Vaginal birth tied to later lack of pelvic organ support
(HealthDay)—Vaginal birth is associated with worse pelvic organ support five years after a woman's first delivery, and genital hiatus size is an independent predictor of worse support, according to a study published in the March issue of the American Journal of Obstetrics & Gynecology.
Victoria L. Handa, M.D., from Johns Hopkins University in Baltimore, and colleagues investigated the longitudinal, quantitative changes in pelvic organ support after childbirth, focusing on the impact of vaginal versus cesarean delivery. Women (n = 1,224) were recruited five to 10 years from first delivery and followed annually.
The researchers found that vaginal birth was associated with significantly worse support five years after first delivery. Also, women with at least one vaginal birth had more rapid worsening of support at the vaginal apex. Worse support at five years and the rate of change over time were significantly independently predicted by the width of the genital hiatus.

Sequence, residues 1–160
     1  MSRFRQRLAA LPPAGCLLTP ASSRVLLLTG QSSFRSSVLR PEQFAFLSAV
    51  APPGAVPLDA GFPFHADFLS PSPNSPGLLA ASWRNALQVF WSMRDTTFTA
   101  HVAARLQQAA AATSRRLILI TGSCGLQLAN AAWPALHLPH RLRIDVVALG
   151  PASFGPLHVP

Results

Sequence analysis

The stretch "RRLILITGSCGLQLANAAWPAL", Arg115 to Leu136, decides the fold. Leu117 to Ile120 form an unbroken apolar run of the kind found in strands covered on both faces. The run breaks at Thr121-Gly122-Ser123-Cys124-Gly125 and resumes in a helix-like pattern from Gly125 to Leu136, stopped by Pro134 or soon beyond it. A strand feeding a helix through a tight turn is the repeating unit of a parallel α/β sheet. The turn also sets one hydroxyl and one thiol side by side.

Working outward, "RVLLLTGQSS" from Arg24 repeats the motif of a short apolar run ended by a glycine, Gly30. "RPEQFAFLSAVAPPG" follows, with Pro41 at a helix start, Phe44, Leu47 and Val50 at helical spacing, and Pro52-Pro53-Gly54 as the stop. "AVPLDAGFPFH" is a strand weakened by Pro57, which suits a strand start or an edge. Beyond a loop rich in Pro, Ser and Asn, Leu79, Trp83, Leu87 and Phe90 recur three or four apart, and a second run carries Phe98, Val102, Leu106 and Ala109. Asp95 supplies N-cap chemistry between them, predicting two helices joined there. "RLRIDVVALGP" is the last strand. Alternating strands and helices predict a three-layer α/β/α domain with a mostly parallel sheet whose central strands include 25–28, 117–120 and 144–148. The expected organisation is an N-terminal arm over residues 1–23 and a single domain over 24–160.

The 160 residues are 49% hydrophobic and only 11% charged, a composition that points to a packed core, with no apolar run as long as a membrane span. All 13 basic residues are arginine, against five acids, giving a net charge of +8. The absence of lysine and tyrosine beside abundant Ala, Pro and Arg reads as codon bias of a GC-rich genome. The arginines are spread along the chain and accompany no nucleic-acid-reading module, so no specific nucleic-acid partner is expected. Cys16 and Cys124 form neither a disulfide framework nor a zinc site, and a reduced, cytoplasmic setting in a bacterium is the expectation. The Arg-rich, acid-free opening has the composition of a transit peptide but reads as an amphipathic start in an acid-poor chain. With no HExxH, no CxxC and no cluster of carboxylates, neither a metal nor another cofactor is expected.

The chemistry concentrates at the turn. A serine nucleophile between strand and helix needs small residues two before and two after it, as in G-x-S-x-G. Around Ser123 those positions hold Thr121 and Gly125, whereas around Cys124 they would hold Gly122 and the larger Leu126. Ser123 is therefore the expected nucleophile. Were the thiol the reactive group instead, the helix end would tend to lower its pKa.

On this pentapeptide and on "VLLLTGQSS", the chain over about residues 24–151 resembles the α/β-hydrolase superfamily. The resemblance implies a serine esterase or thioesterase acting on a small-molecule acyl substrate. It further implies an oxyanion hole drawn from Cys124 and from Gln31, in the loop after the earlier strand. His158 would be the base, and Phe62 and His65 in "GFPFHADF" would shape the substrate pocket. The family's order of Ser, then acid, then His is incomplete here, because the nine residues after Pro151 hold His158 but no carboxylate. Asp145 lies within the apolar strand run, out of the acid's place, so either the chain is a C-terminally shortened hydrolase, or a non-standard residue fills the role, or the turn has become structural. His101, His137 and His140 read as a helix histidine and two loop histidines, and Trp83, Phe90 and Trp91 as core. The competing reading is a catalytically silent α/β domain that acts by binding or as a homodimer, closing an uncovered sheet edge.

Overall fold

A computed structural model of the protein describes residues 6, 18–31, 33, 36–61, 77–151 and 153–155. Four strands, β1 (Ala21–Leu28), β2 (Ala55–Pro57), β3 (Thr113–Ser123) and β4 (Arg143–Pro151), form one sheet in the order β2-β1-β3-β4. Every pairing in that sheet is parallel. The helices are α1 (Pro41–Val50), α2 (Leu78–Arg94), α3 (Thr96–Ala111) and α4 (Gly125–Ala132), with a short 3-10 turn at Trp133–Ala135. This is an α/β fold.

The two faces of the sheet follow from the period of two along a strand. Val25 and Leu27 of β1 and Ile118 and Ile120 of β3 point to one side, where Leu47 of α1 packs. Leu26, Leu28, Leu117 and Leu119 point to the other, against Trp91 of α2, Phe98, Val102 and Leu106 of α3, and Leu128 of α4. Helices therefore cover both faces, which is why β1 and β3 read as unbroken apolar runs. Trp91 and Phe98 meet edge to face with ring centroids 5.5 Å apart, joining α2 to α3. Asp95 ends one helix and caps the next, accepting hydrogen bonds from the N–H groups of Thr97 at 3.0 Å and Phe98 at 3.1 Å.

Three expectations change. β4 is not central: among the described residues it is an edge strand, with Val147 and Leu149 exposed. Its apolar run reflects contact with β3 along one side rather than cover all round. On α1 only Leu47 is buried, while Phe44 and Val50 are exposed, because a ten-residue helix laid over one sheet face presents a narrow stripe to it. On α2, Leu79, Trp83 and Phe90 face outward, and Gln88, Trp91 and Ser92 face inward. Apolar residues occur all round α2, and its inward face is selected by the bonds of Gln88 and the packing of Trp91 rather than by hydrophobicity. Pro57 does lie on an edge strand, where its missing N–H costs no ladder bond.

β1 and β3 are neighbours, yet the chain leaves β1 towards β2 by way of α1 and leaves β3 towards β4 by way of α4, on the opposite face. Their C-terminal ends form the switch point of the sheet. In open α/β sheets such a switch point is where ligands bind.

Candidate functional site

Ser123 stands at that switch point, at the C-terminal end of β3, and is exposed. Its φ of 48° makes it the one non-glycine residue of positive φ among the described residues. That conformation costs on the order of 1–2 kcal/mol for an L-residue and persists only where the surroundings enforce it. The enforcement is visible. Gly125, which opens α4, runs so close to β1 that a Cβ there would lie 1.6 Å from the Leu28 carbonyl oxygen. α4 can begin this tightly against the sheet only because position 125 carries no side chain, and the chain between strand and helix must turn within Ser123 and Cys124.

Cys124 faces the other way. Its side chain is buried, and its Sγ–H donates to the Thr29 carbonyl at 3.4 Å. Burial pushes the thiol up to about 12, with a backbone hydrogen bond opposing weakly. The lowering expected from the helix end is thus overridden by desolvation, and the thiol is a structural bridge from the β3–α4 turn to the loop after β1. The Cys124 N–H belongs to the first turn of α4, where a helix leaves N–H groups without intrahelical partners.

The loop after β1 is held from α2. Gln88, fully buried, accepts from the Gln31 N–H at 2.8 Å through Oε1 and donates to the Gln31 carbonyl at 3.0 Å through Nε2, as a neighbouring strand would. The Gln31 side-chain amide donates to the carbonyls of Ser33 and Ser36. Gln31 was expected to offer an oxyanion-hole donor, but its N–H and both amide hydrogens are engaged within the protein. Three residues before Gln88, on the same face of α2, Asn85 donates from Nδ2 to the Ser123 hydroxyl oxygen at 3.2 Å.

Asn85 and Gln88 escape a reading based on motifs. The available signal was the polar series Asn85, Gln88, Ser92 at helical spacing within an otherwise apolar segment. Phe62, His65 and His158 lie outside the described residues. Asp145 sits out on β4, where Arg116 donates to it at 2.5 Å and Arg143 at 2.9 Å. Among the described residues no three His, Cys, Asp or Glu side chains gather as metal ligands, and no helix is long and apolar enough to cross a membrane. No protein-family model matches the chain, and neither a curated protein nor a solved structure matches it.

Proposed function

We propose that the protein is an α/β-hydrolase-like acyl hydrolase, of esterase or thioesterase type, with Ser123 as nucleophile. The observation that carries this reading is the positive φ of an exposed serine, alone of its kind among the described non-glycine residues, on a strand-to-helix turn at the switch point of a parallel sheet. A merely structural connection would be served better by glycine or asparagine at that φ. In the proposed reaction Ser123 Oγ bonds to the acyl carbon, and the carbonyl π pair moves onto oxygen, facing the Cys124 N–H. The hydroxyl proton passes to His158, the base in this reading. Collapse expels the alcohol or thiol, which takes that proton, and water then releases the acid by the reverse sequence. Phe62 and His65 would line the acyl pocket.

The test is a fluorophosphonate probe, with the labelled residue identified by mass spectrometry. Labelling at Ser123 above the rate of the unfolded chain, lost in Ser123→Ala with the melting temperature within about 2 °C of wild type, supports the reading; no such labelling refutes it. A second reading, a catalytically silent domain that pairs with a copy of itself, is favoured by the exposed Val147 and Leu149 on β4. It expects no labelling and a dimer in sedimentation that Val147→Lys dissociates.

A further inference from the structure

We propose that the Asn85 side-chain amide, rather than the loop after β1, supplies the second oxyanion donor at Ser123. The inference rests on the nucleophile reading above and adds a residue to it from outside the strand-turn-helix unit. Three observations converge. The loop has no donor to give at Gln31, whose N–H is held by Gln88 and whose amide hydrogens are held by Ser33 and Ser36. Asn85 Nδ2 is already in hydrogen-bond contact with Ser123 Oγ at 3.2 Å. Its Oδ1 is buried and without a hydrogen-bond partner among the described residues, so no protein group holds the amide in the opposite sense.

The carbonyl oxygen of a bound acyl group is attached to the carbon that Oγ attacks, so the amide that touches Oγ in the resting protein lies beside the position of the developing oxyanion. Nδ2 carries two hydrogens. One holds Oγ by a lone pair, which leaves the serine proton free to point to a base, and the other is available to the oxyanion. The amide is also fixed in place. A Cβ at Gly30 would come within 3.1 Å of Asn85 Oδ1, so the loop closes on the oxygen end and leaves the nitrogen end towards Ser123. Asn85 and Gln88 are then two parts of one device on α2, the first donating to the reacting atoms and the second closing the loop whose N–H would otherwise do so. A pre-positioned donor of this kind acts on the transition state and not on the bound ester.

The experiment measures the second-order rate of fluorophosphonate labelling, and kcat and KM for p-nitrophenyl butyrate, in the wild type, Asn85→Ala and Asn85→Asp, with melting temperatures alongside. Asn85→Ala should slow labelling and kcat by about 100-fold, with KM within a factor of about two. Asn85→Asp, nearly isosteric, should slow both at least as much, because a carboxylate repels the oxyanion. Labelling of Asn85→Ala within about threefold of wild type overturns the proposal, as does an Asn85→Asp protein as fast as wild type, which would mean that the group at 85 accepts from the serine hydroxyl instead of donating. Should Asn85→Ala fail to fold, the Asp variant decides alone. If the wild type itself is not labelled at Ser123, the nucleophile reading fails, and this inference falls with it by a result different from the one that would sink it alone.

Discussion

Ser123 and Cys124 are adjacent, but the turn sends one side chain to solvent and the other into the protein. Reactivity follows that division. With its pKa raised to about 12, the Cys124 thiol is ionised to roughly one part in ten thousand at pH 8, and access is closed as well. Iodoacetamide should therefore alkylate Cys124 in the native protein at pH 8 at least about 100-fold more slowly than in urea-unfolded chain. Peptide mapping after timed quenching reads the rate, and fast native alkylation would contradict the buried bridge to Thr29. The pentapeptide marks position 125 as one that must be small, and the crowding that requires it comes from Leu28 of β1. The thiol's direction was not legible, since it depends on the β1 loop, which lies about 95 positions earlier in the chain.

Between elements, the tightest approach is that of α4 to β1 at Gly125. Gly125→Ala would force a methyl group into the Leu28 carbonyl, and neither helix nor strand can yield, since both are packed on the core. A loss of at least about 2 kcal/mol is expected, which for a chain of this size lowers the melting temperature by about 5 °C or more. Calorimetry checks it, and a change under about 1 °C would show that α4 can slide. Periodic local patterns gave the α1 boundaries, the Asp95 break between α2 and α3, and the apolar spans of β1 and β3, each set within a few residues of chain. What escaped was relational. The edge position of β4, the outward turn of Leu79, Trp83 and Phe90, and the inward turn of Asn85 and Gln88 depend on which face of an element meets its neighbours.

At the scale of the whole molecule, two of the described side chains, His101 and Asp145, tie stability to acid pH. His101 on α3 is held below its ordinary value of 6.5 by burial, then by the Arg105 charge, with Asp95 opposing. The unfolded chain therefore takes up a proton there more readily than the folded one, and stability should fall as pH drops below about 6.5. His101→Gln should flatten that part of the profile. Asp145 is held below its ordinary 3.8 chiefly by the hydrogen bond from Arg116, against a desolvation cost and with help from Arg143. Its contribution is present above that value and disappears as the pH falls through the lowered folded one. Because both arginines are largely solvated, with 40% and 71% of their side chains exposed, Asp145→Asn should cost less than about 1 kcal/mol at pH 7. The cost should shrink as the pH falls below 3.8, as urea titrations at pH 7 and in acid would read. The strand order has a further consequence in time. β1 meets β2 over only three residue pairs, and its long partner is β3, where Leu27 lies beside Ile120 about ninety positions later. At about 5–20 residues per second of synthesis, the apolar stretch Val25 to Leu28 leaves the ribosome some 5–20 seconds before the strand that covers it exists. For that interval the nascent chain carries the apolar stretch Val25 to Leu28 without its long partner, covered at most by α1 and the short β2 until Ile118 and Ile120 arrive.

"Above and beyond the impact of vaginal birth, the size of the genital hiatus may be an independent marker for those at greatest risk of prolapse progression," the authors write.
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